'I don't agree with the use of the expression 'reform.' It's a word which is too heavy to describe what is happening in Estonia. It's better to speak about a transition, what we are talking about is not about what is being taught for one single hour a week.'
With these words Irene Kaosaar, head of the Ministry of Education’s minorities department, opens the debate about Andru's Ansip's government's newest decision. Thousands of Russian-speaking secondary schools find themselves with a new language which is compulsary to learn – Estonian. 'If I wanted to move to another country like Italy or Germany one day – what could I do without having had the opportunity to learn Italian or German? Could I find work? Unfortunately, here you often hear young Estonians and Russians speak to one another in English, and this can't go on. It would be nice if we could both use the national language in which the constitution itself is written in.'
Now that Estonian is taught officially in school, why hasn't it entered more into the lives of this national minorty?
Some say it is a difficult language, which I don't agree with. I am sure that the way it is taught is not very efficient. The willpower of students is fine, but trying to have a normal conversation is almost impossible. I understand, I had the same problem with English. One thing is to study the grammar, another is to use the language itself.
Can one hour of Estonian classes a week change things?
No, it's not enough, and that's why I prefer to talk about transition. The government's plan is to use the national language for 60% of material in 2011. It was supposed to have been launched in 2000, but we are still on time. We want it be be more than just simple school education, but to find more things in common with each other rather than concentrate on the difficulties.
For example, we all love our children. We try to start here and try to organise something which unites parents with their children. If language becomes an instrument to use for something, then its use will expand too.
One day a young Estonian Russian told me that his family and friends are Russian, who don't need to learn the Estonian language, and that they can use English for the work world.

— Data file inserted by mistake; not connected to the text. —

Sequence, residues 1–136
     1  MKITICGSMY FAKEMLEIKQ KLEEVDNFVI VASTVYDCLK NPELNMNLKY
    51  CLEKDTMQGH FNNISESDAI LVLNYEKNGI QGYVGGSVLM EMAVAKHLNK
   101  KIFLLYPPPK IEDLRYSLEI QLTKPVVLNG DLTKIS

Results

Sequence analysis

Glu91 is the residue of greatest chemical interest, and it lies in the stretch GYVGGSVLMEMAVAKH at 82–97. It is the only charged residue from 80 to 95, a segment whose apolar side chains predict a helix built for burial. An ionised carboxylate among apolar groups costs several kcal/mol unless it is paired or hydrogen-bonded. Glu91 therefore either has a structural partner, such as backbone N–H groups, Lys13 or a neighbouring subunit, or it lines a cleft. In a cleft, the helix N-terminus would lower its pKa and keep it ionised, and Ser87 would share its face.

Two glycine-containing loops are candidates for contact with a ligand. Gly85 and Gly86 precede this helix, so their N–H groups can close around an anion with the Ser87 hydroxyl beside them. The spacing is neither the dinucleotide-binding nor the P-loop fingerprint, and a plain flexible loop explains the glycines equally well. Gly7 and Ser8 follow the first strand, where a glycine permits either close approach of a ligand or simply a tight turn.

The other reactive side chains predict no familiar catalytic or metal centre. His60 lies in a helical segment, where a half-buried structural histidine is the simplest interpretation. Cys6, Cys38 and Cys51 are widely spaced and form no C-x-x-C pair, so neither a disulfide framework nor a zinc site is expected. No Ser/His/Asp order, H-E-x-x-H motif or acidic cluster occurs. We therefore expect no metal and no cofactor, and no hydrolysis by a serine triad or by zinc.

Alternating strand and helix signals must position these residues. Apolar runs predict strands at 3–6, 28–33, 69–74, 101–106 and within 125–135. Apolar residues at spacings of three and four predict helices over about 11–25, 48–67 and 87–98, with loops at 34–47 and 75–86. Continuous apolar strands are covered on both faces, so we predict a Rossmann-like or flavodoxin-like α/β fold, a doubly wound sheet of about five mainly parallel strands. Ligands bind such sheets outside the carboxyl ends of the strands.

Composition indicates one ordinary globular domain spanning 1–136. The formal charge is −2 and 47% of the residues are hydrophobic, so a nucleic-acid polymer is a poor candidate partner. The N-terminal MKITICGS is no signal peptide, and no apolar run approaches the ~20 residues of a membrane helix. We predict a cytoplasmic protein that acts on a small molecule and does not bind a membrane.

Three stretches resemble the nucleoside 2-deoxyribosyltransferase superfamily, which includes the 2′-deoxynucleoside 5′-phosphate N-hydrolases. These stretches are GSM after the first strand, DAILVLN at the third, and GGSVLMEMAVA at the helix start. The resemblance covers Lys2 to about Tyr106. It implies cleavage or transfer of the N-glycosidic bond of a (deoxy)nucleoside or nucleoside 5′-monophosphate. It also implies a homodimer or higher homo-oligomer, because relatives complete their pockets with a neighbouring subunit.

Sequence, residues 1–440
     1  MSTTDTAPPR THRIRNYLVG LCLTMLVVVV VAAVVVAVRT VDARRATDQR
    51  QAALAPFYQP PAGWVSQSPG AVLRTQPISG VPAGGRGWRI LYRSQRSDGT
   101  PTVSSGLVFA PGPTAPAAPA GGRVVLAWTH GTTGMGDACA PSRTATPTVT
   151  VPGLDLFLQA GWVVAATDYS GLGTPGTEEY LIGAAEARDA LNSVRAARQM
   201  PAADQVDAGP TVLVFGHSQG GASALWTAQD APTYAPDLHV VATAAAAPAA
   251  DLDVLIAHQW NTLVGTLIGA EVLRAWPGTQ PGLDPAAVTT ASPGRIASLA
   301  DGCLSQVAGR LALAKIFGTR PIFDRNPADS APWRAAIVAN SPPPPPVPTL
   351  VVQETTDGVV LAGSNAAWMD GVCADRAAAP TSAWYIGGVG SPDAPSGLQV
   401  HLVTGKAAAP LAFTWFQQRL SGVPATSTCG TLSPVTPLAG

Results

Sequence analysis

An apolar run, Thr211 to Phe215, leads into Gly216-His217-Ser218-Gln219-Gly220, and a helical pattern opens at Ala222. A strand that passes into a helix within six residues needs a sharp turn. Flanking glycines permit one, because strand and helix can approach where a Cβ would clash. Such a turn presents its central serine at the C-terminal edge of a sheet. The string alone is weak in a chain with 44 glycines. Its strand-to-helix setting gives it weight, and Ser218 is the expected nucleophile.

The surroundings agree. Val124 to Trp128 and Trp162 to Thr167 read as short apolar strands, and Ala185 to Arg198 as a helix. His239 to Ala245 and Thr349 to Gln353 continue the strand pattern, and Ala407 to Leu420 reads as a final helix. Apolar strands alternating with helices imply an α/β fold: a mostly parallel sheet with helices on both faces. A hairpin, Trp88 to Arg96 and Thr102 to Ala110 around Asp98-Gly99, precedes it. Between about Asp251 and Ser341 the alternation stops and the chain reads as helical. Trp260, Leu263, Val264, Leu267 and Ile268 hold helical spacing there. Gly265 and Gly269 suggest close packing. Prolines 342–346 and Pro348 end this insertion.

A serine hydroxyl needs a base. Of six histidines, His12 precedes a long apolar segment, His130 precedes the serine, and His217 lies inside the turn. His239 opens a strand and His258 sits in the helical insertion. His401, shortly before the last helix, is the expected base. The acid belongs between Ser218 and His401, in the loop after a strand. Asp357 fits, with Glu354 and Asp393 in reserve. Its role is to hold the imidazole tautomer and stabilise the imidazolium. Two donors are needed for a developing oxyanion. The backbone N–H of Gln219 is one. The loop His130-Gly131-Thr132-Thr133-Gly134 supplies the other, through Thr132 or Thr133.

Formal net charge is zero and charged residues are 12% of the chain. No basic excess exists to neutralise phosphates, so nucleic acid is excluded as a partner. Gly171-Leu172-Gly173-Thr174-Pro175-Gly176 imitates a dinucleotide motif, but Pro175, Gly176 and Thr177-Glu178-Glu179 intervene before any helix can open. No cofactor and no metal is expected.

These are exactly the people who we need to make understand about the importance of knowing Estonian. Look at the university. Courses are in this language and not understanding it means that there is a huge entrance barrier, and with that a barrier to future jobs. Unfortunately here we still have many people who continue to think only about the past, in 750 years of having no problems in getting a job if you spoke Russian during the soviet era. Of course, it's our history, we can't deny it, but today we are an independent nation with an official language consecrated in the constitution. It's made up of people from different origins, seomthing we need to learn to live with as an enrichening factor, not a problem. Not long ago, I was in Greece and it seemed natural trying to compare it with Estonia. There as well they continue to debate about Macedonia, the years of dictatorship and Turkey as a perspective of the past. But of course it would be much more useful to look ahead and prepare the future better.
How do you see Estonia in the not too distant future?
I consider myself a bit of an idealist, but I think it's not too complicated to have a country like Estonia made up of two or three different but integrated parts.
Lastly, what do you think of Amnesty International, who accused you of discrimination against the Russian minority?
I am sure that no type of discrimination exists here. Reading the newspapers you can see that it is difficult to understand their reasoning. I hope that with our efforts they will soon see some positive aspects of our nation. Now everytime Estonia is discussed it is to talk about a problem. In terms of the support and criticsm of European institutions, I think it would be useful for the EU to be capable of having just one single voice, and not to confuse people.